Sunny is one of those fearful dogs that will likely never be totally comfortable with people. He spent the first year of his life in the company of dogs, not people. The mental and emotional development that occurs during that time of life for dogs is important for their ability to interact socially with whatever animals and humans they will deal with in the future. The damage from the lack of early socialization is often not repairable. But even all that said, Sunny continues to learn skills that make it easier for him to be around people.
Knowing when to ask Sunny to deal with more than he has in the past, or to let him find a safe and comfortable place to hang out away from people, remains a challenge but I like to believe that over the years Sunny has learned to trust my choices for him. Rather than digging in his heels and resisting, he follows my lead and I try not to step on his toes.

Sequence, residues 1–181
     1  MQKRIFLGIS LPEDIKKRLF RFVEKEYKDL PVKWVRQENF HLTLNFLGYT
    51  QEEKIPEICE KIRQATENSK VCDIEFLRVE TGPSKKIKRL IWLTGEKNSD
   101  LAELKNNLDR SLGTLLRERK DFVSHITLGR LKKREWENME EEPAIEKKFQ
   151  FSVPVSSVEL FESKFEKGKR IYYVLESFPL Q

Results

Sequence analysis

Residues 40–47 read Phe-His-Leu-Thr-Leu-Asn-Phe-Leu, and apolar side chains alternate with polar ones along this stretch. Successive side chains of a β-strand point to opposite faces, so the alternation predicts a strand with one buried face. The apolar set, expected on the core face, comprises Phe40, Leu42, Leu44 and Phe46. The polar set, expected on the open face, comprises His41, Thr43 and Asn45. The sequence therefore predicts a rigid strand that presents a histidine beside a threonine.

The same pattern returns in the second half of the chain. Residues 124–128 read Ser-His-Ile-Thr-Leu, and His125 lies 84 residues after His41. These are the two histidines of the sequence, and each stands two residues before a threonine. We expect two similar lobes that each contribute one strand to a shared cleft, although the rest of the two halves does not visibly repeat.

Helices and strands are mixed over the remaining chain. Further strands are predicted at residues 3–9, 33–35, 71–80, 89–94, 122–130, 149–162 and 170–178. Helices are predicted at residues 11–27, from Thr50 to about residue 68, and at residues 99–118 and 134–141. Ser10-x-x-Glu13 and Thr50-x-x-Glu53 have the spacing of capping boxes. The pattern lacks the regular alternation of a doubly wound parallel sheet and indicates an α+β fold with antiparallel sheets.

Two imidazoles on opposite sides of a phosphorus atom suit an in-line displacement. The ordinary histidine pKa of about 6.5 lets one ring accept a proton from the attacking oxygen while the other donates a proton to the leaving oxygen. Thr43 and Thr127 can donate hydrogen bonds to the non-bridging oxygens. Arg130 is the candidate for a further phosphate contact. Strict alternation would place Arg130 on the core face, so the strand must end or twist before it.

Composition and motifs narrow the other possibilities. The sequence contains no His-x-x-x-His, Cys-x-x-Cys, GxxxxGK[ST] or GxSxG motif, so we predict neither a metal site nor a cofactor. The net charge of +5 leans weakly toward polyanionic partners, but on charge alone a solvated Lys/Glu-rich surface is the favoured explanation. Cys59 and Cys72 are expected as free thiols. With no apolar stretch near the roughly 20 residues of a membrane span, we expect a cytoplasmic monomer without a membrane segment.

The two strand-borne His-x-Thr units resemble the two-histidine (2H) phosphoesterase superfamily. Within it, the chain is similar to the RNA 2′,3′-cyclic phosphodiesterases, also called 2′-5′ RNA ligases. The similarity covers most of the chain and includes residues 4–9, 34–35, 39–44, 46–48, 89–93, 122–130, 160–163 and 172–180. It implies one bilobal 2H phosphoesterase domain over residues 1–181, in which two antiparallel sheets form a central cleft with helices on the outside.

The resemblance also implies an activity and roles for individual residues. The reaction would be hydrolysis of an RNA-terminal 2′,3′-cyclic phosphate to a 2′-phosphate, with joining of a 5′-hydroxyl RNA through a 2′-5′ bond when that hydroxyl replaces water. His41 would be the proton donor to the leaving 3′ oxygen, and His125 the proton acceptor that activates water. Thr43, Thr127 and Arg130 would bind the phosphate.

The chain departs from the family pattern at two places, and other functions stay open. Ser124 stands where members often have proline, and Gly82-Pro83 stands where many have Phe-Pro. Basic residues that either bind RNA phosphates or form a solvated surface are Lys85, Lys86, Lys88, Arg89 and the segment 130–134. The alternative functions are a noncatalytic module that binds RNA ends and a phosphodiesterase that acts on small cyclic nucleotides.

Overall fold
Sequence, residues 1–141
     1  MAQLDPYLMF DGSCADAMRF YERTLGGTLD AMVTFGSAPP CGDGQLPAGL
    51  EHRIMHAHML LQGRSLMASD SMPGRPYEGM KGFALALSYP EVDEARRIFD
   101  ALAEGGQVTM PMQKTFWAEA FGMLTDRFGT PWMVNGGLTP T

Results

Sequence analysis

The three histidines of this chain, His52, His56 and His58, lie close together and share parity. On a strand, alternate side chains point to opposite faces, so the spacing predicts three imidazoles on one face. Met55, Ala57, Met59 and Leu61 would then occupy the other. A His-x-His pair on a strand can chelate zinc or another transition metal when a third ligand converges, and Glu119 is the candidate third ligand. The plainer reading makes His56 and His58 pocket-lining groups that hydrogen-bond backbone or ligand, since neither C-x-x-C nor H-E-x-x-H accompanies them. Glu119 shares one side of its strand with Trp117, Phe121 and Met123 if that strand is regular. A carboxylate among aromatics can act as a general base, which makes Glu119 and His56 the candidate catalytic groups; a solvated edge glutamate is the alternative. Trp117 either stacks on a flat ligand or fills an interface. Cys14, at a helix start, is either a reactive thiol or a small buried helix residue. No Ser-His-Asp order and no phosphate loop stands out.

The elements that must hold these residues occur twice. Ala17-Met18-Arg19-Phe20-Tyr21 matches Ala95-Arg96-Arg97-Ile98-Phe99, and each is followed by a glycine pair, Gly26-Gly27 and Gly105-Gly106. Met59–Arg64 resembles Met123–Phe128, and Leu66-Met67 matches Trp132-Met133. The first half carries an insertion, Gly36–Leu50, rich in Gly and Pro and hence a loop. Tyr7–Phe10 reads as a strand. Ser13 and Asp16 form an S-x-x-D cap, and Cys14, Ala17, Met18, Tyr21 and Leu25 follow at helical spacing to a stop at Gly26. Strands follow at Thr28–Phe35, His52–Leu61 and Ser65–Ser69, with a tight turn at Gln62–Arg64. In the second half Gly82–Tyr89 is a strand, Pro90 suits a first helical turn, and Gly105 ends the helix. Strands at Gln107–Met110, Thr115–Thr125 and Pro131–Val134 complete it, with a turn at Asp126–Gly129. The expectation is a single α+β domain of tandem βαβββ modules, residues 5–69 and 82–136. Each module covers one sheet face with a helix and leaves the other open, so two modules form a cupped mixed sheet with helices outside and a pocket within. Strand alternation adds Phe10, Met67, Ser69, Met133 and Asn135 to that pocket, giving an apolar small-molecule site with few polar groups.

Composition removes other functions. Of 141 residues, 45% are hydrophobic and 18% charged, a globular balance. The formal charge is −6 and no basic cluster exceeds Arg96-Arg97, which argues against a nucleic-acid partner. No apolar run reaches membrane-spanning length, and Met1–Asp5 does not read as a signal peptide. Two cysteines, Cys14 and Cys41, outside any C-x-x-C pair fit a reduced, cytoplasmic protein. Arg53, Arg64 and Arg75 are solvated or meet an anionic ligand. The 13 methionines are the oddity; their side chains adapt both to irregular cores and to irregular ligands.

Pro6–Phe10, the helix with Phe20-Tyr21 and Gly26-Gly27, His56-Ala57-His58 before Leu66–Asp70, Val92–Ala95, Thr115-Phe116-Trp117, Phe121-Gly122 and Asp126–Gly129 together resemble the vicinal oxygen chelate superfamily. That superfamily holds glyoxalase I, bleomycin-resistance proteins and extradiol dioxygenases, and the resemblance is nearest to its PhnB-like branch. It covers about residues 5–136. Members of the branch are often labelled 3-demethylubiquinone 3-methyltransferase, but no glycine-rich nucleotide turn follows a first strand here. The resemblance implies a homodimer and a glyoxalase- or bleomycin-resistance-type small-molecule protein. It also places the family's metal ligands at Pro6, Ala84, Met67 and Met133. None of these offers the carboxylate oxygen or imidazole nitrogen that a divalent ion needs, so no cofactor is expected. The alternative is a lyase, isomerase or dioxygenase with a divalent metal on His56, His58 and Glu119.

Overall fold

I was away during the New Year and 4 people stayed at our house caring for our dogs. Two of the people Sunny was familiar with, two he was not. By all their accounts, Sunny did great. He was able to go outside when offered the chance and come back in when called. He was his frisbee stealing self when games were played in the yard and though he wasn’t snuggling on the couch or snoozing in bed with people as the other dogs were, he was not aggressive, the biggest behavioral risk owners of fearful dogs need to be on guard for. But both Sunny and his caregivers knew the routines, averted glances, no petting, some hand targeting, so there was no need for Sunny to completely avoid all the action.
The dance is different for each dog. It takes practice and patience to learn the steps myself, but the results are fantastic to behold. I am honored and complimented when any dog chooses to join me when the band starts playing. Right now my dance card is full, and I’m loving the music.